Mac Software

Mozilla tries to build the ultimate in-box: Raindrop

Mozilla's Thunderbird team has been working on software called Raindrop that aims to unify communications channels such as e-mail, Facebook, and Twitter into a single interface with enough built-in smarts to separate the important messages from the routine.

"E-mail used to house the bulk of the conversations that took place on the internet, but that's no longer the case today. In today's world people use a combination of Twitter, IM, Skype, Facebook, Google Docs, e-mail, etc., to communicate. For many of us this means that we have to keep an eye on an ever-growing number of … Read more

SmarterFox updates to 3.0, changes name

SmarterFox, one of my favorite Firefox productivity add-ons, recently updated to version 3.0. In the process, it added a new feature, fixed some miscellaneous bugs, and changed its name to FastestFox.

For a major version upgrade, changes are slim. The most notable new feature is the ability for FastestFox to automatically surface related search results from Amazon and OneRiot at the top of a Google results page. The related search results show up in addition to an original SmarterFox bar that lets you repeat a search on OneRiot, Amazon, Yahoo, Twitter, and Delicious. The FastestFox release notes are quick … Read more

Online places to find public-domain multimedia

If you're a blogger, you know that finding images, videos, and audio for your blog without worry of copyright issues can be difficult. Either the content is copyrighted, or you need to pay for it. In either case, it's not as tempting as freely available, copyright-free media.

Luckily, there are resources across the Web that allow you to use multimedia content for free with some simple attribution. It's a great way to add interesting flavor to your blog without worry of copyright issues.

Let's take a look:

Go public

Creative Commons A search for public-domain multimedia content usually starts with Creative Commons. The site is one of the best places to go, if you're looking for content to add to your blog.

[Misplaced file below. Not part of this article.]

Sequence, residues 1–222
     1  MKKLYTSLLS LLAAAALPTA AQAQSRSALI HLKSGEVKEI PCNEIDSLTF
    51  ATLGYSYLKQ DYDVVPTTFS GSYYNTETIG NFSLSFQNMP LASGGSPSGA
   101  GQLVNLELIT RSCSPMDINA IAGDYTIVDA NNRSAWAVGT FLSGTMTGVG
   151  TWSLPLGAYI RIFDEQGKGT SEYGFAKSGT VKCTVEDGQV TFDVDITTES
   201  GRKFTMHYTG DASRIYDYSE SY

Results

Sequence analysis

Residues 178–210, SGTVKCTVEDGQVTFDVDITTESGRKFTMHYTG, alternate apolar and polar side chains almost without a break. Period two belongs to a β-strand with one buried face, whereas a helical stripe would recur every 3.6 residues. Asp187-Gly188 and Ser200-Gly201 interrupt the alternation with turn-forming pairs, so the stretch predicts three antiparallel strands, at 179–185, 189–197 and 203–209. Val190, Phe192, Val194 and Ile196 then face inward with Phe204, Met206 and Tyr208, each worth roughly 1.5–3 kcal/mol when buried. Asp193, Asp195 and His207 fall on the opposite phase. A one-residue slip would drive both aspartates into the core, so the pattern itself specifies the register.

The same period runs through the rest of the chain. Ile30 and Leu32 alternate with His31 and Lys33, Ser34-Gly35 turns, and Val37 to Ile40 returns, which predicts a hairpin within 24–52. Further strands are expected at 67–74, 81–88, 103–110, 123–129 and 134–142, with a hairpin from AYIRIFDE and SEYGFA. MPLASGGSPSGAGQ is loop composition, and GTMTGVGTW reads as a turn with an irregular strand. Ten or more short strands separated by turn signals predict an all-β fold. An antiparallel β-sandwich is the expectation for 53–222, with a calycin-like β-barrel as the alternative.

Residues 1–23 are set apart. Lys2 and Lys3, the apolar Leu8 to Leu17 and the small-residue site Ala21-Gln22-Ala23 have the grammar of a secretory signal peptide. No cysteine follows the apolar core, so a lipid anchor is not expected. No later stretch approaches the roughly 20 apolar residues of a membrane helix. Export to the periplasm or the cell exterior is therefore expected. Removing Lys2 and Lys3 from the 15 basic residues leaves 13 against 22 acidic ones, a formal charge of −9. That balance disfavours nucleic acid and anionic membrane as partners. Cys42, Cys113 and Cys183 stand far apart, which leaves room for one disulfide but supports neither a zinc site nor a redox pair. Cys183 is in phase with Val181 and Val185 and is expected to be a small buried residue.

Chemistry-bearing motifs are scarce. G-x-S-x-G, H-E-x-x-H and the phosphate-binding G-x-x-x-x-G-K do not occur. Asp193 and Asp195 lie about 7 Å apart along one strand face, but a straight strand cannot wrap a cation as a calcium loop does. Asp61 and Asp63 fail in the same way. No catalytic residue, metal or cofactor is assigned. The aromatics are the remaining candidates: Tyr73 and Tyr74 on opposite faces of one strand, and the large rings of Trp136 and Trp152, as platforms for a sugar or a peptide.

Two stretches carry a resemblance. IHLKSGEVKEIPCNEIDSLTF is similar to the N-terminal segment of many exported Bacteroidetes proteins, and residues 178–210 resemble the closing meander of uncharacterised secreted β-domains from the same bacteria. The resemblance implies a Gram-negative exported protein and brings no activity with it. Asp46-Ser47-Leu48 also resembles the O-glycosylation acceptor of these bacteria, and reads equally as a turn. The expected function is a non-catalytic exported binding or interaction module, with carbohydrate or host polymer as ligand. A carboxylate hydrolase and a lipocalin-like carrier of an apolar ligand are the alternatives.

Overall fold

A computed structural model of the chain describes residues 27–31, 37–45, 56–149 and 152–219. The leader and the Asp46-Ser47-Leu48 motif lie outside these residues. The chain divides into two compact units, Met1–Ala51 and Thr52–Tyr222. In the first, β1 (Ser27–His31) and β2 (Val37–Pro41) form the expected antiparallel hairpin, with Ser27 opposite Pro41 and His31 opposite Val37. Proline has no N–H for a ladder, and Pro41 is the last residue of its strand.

When you get to Creative Commons, you'll find a search box where you can input a query. From there, a handy tabbed-browsing interface is shown, allowing you to send your query to Google search, Google Images, Flickr, and more.

Creative Commons' site is quick to point out that all the searches bring you to third-party sites, and there's no guarantee that the content is free to use, but you'll notice under the search box that the page automatically searches for content that's "free to use, share, or modify, even commercially."

I've used the search engine on numerous occasions and had some success using it. Try out Creative Commons, if you want to search several sites for some photos.

EveryStockPhoto EveryStockPhoto is a search engine for those who want free, public-domain photos to use on their site.

Overall, I was really impressed by EveryStockPhoto. When you get to the site, you have the option of viewing photos in popular categories or using the page's prominent search box to find photos. When you search the site, it finds images from several resources, including many of those mentioned in this roundup. Flickr is one of its most used sources.

When you click on an image in EveryStockPhoto, you can see who owns it, the licensing rights associated with it, and more. I really liked EveryStockPhoto. Check it out.… Read more

Prizefight: Snow Leopard vs. Windows 7

You like high-profile cage matches? It doesn't get more intense than the operating system that encompasses Microsoft's hopes and dreams, Windows 7, going processor-to-processor against a refreshed and re-invigorated Snow Leopard from Apple. Can Windows 7 move past the failures of its predecessor Vista, or will Snow Leopard turn this into a one-cat fight? See what three CNET editors think of Windows 7 versus Snow Leopard in our latest Prizefight. You better believe it's subjective.